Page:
While all have sinned, Jesus Christ died on the cross that the power of sin might be broken in the hearts and lives of mankind. There is power through redemption to enable sin-free living on a daily basis. “Therefore if any man be in Christ, he is a new creature: old things are passed away; behold all things are become new” (2 Corinthians 5:17). To live acceptably before God and to make Heaven, one must live without sin. There is a definite experience of salvation that all can have when they believe in Christ, repent of committed sin, and walk in newness of life.
It can an assumed that they had this position at least in part in 1900 when William Seymour was a member. It also worked out very well with his growing subscription to entire sanctification.
It would seem that they believed in entire legalism as well. Even today, they hold that holiness can be known by “attitudes, meditations, motivations, actions, where one goes, how one dresses.” It would have only been stronger in 1900.
Another thing that Seymour learned about from the Church of God Evening Light was revival. It was the Evening Light Saints that first told him about a mighty revival at the end of the Church age that would only end with the Rapture of the Church. This is why they became known as the Evening Light Saints.
What this did was create a longing, a desire, a passion in William to see revival sweep the earth and he wanted to see revival first hand. He wanted to be part of it. He wanted a revival of holiness, not a revival of Pentecost at this point. He could only believe for what he understood.
What can we learn from sanctification thinking?
As a rule, Azusa Report hold a Finished Work view of the issue. When Jesus said it is Finished, He meant it is finished. Everything you need, you have at salvation. You are holy by the blood of Christ at salvation.
Alot of the holiness theology leads people into dead works of trying to please God that will get them nowhere. There is nothing more you can do to get God to love you anymore than He does. God is a good mood and He smiles over you. Nothing will change that.
The great end-time harvest is coming but it is not going to be a revival of wearing skirts to the ankles, throwing away televisions, preaching KJV only, quitting the local basketball team and believing the local doctor is a witch doctor from satan himself.
The Great Harvest will come from faith for what the Holy Spirit will do, not returning to legalism from 200 years ago. Legalism is bondage and Jesus came to set us free. Whom the Son has set free is free indeed. When the Spirit of the Lord is, there is freedom!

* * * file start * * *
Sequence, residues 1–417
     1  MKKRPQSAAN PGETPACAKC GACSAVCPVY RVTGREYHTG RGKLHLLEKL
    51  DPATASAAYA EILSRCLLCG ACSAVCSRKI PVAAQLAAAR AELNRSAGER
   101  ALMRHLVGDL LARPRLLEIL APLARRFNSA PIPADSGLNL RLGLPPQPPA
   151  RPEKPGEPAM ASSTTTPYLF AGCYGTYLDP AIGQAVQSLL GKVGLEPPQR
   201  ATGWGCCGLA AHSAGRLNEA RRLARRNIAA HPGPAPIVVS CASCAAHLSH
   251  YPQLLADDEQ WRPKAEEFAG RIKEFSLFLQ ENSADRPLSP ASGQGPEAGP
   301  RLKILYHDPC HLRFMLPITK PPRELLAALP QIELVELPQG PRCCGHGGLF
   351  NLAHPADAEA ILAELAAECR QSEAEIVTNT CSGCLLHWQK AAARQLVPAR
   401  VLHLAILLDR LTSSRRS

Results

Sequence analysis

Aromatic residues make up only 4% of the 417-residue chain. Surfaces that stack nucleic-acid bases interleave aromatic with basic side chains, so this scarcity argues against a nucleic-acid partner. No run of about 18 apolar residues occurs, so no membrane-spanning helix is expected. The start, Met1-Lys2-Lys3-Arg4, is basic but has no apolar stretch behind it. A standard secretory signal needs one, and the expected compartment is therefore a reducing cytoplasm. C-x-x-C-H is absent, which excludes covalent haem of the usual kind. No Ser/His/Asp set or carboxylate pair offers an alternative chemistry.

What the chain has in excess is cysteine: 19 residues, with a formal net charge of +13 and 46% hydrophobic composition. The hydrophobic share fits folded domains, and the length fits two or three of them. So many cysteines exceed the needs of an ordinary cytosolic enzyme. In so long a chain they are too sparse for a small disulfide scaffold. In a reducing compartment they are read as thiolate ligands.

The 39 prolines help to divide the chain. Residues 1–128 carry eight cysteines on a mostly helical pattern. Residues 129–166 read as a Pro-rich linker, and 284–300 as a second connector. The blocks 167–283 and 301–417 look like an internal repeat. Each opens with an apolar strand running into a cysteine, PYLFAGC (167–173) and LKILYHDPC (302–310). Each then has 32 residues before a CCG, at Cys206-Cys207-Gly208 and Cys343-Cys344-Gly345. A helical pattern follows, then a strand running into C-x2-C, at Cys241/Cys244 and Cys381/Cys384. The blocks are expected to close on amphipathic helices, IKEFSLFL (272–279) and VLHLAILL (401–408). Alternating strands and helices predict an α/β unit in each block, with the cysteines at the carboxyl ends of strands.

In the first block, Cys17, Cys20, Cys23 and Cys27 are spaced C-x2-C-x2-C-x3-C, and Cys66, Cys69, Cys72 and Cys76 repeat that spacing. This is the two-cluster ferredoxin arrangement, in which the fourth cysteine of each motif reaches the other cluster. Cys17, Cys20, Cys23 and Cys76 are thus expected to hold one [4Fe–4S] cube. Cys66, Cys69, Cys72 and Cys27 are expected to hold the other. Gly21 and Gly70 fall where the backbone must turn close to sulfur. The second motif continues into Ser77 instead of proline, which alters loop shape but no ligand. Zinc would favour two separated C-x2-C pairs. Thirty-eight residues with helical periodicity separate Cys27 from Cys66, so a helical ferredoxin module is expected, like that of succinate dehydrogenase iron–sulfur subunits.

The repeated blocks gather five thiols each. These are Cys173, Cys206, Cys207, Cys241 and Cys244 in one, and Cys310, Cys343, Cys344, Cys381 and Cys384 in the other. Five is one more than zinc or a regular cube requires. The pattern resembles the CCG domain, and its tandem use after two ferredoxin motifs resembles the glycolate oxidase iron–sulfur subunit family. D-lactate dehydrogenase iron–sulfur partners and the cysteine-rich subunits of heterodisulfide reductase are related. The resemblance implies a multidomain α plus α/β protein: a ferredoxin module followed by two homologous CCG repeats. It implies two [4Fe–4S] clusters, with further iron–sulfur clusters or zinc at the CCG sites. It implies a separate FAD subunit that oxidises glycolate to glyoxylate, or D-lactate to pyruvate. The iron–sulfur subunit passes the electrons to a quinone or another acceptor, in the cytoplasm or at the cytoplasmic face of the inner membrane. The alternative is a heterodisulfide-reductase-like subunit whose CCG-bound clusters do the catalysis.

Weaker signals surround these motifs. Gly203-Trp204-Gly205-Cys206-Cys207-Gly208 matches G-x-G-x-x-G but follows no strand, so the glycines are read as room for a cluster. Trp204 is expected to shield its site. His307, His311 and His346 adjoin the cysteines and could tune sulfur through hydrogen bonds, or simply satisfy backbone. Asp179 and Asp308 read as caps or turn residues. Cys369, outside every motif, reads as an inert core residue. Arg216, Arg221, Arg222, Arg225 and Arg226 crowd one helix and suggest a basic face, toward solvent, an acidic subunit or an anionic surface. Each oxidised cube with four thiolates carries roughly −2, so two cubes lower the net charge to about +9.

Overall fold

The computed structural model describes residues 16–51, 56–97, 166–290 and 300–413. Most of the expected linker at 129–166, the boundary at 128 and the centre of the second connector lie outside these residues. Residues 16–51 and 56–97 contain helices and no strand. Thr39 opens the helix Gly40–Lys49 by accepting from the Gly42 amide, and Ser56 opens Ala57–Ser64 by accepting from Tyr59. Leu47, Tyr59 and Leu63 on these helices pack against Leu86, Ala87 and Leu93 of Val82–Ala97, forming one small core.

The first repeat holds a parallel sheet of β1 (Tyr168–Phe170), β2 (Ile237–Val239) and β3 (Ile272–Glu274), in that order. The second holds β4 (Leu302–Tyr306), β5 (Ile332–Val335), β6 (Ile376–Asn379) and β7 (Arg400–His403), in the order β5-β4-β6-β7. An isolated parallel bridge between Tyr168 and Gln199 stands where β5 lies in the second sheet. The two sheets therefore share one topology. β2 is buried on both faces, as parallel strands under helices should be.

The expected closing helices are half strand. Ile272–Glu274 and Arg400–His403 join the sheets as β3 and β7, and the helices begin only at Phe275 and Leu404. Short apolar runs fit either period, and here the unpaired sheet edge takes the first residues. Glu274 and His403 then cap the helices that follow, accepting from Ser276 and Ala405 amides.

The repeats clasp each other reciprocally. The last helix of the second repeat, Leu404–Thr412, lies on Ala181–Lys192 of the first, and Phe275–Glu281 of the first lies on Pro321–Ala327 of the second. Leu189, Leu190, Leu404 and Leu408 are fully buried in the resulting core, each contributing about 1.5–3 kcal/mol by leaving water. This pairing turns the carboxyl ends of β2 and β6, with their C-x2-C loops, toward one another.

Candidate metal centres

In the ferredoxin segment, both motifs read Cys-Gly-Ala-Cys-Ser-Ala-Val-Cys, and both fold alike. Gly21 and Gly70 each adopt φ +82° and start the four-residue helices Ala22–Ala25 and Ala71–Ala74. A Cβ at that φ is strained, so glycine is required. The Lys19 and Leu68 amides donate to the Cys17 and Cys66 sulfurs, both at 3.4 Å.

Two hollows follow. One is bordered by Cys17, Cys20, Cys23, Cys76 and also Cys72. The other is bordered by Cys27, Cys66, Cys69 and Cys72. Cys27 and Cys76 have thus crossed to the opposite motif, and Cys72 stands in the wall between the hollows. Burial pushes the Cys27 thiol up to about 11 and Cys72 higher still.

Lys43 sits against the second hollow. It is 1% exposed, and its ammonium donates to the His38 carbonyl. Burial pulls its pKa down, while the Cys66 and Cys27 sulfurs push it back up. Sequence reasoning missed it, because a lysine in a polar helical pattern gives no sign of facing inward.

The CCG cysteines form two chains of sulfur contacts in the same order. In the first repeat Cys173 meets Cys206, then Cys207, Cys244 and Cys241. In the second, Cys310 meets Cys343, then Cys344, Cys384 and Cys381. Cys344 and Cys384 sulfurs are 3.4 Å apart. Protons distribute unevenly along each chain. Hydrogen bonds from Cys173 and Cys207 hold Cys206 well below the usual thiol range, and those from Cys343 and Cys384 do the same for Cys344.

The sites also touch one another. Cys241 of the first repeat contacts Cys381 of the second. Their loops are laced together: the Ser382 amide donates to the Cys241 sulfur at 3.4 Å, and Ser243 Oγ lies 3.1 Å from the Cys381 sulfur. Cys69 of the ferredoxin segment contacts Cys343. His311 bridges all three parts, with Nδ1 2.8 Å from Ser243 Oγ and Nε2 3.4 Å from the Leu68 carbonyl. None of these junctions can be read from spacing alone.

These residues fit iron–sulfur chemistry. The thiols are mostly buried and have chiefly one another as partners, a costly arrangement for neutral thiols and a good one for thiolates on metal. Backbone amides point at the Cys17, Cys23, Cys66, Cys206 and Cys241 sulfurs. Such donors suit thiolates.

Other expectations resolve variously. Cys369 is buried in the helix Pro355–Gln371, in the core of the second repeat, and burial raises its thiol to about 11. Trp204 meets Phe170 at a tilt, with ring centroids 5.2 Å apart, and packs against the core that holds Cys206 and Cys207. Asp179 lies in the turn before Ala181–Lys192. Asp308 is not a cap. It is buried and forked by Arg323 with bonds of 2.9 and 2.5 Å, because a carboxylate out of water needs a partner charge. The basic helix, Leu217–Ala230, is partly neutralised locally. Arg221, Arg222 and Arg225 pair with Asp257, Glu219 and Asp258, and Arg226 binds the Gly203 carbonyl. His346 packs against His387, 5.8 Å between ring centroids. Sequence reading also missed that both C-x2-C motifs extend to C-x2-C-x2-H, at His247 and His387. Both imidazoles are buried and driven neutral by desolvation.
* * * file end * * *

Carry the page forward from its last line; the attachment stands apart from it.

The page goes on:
I was on Facebook and a friend asked me “Are United Pentecostals christian or are they a cult?” This is an honest question that many have actually.
You may or may not know that Tommy Tenney, the God Chaser guy, is a member of the United Pentecostal Church International. His father just recently retired as the leader of UPC churches in the state of Louisiana.
As far as Tommy Tenney, I know there is an ongoing discussion just how much of the theology of the United Pentecostal still has. Well, I am not sure it matters. What you will not read in this article is throwing stones at them or calling them a cult.
David K. Bernard is the current President that is back in Hazelwood, Missouri. He doesn’t seem like a dumb guy from what I can tell. He preaches what he believes well and is pretty educated. Graduate of Rice University and Doctorate from University of Texas.
I have been to many services at a few United Pentecostals churches. I loved the passion of the believers at The Pentecostals of Saint Joseph in Missouri. Really sad that they lost their facility that was overlooking I-29 out by Brian Zahnd’s Word of Life Church.
United Pentecostals do believe different
They do hold a winner takes all view of salvation. They believed that you are either baptized in the Holy Spirit with the evidence of speaking in tongues or you are not saved at all. They take the passage where Jesus talked about being baptized with water and spirit literal.
Very truly I tell you, no one can enter the kingdom of God unless they are born of water and the Spirit. – Jesus
One issue that I see first out the gate is they confuse being born again and the Kingdom of God. The government of God and Soteriology is no quite the same. That is a common mistake among alot of churches though.